Time-travelling, little Unico the unicorn has magical powers that spread happiness wherever he goes. He turns war into peace, greed into generosity and poverty into prosperity. This angers the ancient gods, who want things as they are with humanity under their thumb. So they send the West Wind to slay Unico but, moved by his gentle soul, she spirits him away to the Land of Mists. After Unico teaches Beezle, the impish ‘demon of solitude’, lessons about friendship and selflessness, the gods are more eager to see him dead than ever. They summon the cruel Night Wind, prompting West Wind to carry poor Unico away from his newfound friend.
Unico then falls in love with Katy, an abandoned kitten (“It was a serious blow to my self esteem!”) he finds floating in a basket along the river. Katy’s crazy dream is to become a human girl and study magic; a wish Unico obligingly grants, transforming her into a wide-eyed ingénue. Katy starts out a rather selfish, daffy girl but slowly blossoms. Her beauty suddenly draws attention from the handsome, but sinister Baron De Ghost.
This anime classic was a collaboration between two titans of the genre: Sanrio Films, the toy merchants with ambitions to become the next Disney, and Osamu Tezuka, the most important manga creator of all time. The basic premise is surprisingly downbeat for a light-hearted, children’s anime, but will strike a chord with fans of television shows like The Fugitive or The Incredible Hulk: the wandering hero who helps others find happiness, but remains alone, forever on the run. In a subtle, storybook style, Tezuka fashions a tale that tackles philosophy, morality and the difference between emotional needs and superficial desires.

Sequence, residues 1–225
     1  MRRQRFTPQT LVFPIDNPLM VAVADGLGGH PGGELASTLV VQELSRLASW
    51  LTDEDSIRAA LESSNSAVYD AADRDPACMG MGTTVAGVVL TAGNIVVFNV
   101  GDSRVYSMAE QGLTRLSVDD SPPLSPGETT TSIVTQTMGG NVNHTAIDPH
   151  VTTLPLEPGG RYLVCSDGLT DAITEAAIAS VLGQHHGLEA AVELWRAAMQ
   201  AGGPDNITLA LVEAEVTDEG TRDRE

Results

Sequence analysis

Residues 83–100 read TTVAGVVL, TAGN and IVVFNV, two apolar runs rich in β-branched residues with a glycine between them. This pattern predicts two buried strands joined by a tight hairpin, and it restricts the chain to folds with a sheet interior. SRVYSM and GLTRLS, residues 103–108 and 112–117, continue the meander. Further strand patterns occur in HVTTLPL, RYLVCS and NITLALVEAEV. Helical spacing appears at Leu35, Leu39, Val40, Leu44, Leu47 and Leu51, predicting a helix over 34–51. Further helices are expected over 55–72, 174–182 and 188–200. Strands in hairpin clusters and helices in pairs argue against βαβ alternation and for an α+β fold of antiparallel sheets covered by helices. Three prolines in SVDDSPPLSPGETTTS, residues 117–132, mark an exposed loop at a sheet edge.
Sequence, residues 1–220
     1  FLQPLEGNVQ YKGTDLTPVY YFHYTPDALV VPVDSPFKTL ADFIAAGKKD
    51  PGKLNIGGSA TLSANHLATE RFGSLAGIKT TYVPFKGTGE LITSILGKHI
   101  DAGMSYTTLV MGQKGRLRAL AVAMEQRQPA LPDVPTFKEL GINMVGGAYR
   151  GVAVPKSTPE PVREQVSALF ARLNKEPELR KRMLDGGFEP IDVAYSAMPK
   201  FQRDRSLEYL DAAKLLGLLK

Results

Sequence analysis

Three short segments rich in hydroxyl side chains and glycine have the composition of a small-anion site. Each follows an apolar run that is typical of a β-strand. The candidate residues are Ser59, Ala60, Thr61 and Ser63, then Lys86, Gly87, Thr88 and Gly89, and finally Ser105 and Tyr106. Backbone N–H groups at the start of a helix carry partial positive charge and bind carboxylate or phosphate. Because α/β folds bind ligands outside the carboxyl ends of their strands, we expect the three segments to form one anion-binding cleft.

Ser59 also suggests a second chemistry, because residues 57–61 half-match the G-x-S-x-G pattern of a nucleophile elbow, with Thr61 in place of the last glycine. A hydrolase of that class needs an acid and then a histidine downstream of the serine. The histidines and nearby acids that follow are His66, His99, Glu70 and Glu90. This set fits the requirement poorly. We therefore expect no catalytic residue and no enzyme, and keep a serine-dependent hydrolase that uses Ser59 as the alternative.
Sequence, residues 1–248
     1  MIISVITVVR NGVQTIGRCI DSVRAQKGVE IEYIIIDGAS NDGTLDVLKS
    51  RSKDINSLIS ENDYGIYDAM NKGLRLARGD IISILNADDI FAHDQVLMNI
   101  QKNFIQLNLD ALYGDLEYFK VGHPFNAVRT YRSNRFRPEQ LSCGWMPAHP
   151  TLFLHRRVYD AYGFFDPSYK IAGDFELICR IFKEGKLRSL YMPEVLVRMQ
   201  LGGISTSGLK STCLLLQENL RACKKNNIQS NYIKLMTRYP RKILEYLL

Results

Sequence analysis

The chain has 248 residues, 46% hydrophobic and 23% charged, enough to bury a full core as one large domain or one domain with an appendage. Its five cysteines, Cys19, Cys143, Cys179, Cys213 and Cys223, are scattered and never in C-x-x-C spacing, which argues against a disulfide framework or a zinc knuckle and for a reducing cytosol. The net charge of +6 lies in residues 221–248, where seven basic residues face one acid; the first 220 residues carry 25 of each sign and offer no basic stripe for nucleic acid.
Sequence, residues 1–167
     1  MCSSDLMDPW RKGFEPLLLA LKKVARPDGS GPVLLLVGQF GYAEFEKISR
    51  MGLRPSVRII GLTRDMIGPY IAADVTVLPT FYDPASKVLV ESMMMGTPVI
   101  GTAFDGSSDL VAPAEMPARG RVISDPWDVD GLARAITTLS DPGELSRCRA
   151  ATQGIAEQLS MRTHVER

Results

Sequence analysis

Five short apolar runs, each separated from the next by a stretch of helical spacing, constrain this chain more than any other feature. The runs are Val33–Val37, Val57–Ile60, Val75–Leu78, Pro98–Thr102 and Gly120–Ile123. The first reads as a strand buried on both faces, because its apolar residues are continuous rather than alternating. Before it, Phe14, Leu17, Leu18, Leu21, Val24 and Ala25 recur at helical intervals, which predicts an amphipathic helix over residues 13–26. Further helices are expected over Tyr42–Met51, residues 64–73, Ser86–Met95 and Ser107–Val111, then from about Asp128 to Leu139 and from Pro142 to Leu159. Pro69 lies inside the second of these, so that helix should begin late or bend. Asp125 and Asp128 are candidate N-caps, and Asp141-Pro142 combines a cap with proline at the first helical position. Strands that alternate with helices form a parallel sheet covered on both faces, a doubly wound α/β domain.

The pastel-hued whimsy is lively and appealing with delightful characters. Happy-go-lucky Unico embodies the indemonstrable human spirit while Katy, in both her feline and human incarnations, is one of the most adorable anime heroines. True to form, Tezuka experiments with wild animation techniques (particularly the kaleidoscopic “Katy the Kitty Witch” musical montage) and steers the film from comedy (human Katy still laps saucers of milk and frolics in fields), fantasy action (Unico transforms into a fully-grown flying horse, or uses his horn like a power drill or sword to duel with the dastardly Baron De Ghost), surprising eroticism (Baron De Ghost seduces Katy with drugged wine: “I hope your dreams are pleasant. They’re the last you’ll ever have.” Gulp!), and horror (a spate of monkey murders; the Night Wind assails West Wind and Beezil with wraithlike tendrils). A few of the Karen Carpenter-style songs are a little sugary, but Masahiko Sato’s score is mostly charming and helped make this a fan favourite amongst American kids. An amazing gothic finale features Katy strapped to a lightning rod atop a dark castle, a man gorily impaled on a turret, and three heroes battling it out with living lava, a forest full of ghouls, and a giant demon who spews out vampire bats. They don’t make children’s cartoons like this anymore.